When buying a car, for example, the consumer not only can choose between a Lexus and a Chevrolet, but also decide on particular features, such as wire wheels or gold trim. Patrick Freuler, chief executive of Audicus, an online company that partners with a German manufacturer to sell private-label hearing aids, makes the point that consumers are not being offered the low-cost choices, but are being presented with only luxury devices.
When Medgadget was offered a chance to test drive a new direct to consumer personal audio amplifier from Audicus, we picked up on the invitation. You see, one of our editors, just like Charles Darwin, is a life long sufferer from Ménière’s disease, with the resultant tinnitus and bilateral low-pitch hearing loss. So for this editor the idea of a discounted behind-the-ear device is a matter of personal necessity.
Audicus, a startup that sells hearing aids through an online shop at much lower prices than its storefront counterparts, has a vast team of representatives readily available to hop on the phone with its customers — a rarity in Silicon Valley, which almost exclusively handles questions or complaints through digital channels.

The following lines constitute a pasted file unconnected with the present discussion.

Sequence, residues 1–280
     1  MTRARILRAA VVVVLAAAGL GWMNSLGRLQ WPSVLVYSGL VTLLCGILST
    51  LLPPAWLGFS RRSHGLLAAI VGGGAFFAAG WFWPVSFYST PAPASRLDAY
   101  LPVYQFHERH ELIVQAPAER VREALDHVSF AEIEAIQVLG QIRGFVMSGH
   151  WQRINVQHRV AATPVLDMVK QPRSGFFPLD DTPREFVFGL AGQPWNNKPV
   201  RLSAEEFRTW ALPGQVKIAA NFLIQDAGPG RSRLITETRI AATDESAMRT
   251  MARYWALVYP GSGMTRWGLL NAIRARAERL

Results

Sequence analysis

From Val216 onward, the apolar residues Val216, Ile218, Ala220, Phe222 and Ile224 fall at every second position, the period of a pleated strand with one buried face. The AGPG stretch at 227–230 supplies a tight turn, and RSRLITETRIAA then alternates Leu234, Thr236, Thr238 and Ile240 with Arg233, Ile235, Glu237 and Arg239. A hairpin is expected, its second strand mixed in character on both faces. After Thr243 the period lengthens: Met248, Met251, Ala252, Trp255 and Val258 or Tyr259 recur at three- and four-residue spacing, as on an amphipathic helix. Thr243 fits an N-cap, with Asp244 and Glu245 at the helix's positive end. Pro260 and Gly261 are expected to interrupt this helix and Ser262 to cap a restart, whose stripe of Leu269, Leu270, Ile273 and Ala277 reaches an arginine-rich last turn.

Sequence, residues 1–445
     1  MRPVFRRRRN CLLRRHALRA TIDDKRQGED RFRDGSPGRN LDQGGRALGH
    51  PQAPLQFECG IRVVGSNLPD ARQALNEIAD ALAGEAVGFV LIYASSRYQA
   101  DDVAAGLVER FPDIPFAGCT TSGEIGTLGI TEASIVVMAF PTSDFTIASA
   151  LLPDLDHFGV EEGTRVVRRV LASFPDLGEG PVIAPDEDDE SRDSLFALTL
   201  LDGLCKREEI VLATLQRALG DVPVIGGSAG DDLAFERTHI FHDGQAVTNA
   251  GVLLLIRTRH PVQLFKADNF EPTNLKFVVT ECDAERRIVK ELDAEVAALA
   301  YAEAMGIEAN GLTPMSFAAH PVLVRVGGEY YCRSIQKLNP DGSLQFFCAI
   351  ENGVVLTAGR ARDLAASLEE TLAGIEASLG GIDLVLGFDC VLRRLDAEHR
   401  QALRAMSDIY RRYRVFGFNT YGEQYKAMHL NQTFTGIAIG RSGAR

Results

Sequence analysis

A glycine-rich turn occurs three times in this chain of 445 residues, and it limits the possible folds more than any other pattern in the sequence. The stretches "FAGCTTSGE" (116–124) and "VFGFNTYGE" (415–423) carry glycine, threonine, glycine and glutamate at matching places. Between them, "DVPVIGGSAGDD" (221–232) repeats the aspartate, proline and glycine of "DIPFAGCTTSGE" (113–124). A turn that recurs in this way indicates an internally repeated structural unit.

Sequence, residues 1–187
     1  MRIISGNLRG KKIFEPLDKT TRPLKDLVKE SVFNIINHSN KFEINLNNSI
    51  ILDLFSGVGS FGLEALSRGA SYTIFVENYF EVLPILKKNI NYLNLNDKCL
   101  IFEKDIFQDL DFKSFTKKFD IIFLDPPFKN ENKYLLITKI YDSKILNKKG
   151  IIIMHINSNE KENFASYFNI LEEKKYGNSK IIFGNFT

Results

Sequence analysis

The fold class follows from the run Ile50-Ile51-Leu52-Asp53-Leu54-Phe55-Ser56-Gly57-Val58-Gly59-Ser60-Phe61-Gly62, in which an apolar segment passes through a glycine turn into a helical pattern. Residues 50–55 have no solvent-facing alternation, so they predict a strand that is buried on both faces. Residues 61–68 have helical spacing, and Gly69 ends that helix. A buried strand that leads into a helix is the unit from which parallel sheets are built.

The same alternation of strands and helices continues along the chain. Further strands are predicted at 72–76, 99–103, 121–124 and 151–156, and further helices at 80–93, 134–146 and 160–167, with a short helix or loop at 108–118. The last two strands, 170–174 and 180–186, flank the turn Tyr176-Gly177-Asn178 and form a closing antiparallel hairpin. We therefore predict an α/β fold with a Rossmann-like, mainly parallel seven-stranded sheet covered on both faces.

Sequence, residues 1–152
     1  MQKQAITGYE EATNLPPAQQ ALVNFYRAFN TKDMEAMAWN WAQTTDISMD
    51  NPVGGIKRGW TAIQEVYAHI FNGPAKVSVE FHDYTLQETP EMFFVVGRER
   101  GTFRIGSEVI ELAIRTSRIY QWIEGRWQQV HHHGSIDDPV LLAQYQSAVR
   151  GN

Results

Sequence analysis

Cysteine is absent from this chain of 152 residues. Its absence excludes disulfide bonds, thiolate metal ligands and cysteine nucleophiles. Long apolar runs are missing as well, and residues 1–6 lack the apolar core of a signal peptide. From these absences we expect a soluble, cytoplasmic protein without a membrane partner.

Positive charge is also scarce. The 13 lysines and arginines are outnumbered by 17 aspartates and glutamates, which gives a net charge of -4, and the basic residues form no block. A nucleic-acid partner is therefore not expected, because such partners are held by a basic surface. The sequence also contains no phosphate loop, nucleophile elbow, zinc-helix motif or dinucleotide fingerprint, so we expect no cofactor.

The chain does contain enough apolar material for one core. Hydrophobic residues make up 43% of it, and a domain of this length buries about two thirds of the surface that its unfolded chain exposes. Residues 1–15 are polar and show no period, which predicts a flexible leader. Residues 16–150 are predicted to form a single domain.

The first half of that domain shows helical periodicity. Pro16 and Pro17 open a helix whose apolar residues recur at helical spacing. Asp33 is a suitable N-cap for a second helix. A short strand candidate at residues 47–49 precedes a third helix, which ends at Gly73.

Developers at Audicus said they were shocked by the high cost and ugly design of traditional hearing aids (they typically start at about $2,000 per ear) so they streamlined the process to offer modern-looking hearing aids at a fraction of that cost. Audicus sells hearing aids for about $500 per ear. It reduces cost by lowering overheads and linking customers directly to a hearing aid manufacturer in Germany.